One thing they want, one thing they need, one thing to wear, and one thing to read
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You can simplify Christmas and reduce the overwhelm and expense of what's become normal at Christmas – and it's easier than you think!
If your kids are like mine and have too many toys, you might be looking for ways to make Christmas a little less overwhelming this year. I have one super-responsible son who takes care of his toys, which means he has a good number of toys that he's held on to for years. My other kids
don't deserve to have any toys (just kidding) contribute their broken toys to clutter around our house. But even more than just having too many toys, we started to notice that on Christmas morning our kids would open one toy and toss it aside right away to grab another one. It just seemed like they were starting to get pretty greedy and not as thankful for what they were receiving. We have seen a huge difference in how thankful our kid have become for their Christmas gifts, and we love that they aren't making giant Christmas wish-lists. Instead, they spend more time thinking about what to give other people, instead of what to get for themselves. They know they won't be getting tons of gifts, so they don't spend as much time thinking about what they will receive.
One thing they want, one thing they need, one thing to wear, and one thing to read – I am not the one who came up with this idea, but we've done it for several years and we've loved it. I wish I could give credit to the originator of the idea here, because it's been such a blessing for our family! Each of the kids gets these four gifts, and while the first year was a bit of an adjustment, the older kids look forward to these four gifts and the little ones don't know what it's like to have giant piles of gifts under the tree (well, there are still a lot of gifts, because there are seven of us).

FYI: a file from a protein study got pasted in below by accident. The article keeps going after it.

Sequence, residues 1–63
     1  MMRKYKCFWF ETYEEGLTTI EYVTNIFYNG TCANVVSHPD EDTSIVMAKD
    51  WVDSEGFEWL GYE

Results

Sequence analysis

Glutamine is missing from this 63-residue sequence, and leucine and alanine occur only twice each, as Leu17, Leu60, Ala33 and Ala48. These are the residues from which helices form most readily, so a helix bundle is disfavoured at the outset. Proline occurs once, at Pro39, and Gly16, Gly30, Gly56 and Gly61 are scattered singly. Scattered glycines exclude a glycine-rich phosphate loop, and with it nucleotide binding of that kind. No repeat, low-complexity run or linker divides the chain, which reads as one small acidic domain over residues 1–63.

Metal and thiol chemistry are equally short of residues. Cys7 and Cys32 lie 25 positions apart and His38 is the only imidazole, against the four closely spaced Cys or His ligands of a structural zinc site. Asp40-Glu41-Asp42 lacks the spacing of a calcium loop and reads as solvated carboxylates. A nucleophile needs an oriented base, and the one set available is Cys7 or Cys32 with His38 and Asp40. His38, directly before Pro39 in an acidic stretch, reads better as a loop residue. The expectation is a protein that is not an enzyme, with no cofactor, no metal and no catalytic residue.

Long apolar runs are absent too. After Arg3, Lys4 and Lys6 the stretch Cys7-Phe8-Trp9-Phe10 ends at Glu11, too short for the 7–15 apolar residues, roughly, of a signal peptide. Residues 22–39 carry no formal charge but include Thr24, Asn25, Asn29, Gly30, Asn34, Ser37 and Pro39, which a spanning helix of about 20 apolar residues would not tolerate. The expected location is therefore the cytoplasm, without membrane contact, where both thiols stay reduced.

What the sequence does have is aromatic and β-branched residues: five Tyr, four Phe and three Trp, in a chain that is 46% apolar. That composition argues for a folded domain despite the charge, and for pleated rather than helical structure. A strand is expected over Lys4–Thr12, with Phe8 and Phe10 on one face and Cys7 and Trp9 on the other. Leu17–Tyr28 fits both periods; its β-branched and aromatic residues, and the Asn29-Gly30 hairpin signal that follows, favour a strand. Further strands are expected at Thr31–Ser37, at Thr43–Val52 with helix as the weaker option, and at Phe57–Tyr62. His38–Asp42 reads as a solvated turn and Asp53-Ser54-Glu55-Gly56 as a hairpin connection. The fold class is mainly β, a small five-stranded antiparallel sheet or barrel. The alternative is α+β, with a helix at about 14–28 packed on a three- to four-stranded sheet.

One thing they want – As I mentioned before, when I ask my kids what they want for Christmas, they give me just one or two things instead of a long list. These are things they really want, and have wanted for awhile. This is often a toy, or in the case of my 12-year-old, another book or something she's wanted for awhile. These are some of the “wants” I'm getting this year:
One thing they need – This is often a clothing item. This year my son really wanted some Star Wars snow boots, and he doesn't have any boots that fit him now, so that will likely be his needed gift.
One thing to wear – In our home, the “one thing to wear” gift is given on Christmas Eve. They each get a new pair of pajamas and open a bonus gift of a family game. Then we all get dressed in our pajamas and drink hot cocoa and play the game. It's a pretty fun tradition!
One thing to read – This is my favorite part of the four gifts at Christmas. I always read a ton of reviews and try to find books that will spark my kids' imaginations. These are my book pics this year:
For my 18-month-old – “You Are My Baby”- we found this at the library and my little one loved it! The mommys and babies are paired together, and the illustrations are just right for her age.
For my 4-year-old – “Extra Yarn” – another library find. My 4-year-old loved this story about a box of yarn that never runs out. I really loved the illustrations in this book, too.
For my 7-year-old – “The Way Things Work Now” – we found a much older edition of this book at a yard sale, and my son was so excited to read about how things are made and how they work:
For my 9-year-old – The Mercy Watson Series has been a long-time favorite. It's a pretty easy read for her now, but she really wants to complete her collection.
For my 12-year-old – these books are classics, and she wants to have all of the books to read over and over again, but we're going to start small because these are harder to find.
That's it! We've simplified Christmas to focus less on gifts (I know that sounds funny, because I just outlined all of the gifts we are giving this year, but I wanted to give you some ideas!). How does your family handle gift-giving at Christmas?Copyright secured by Digiprove © 2016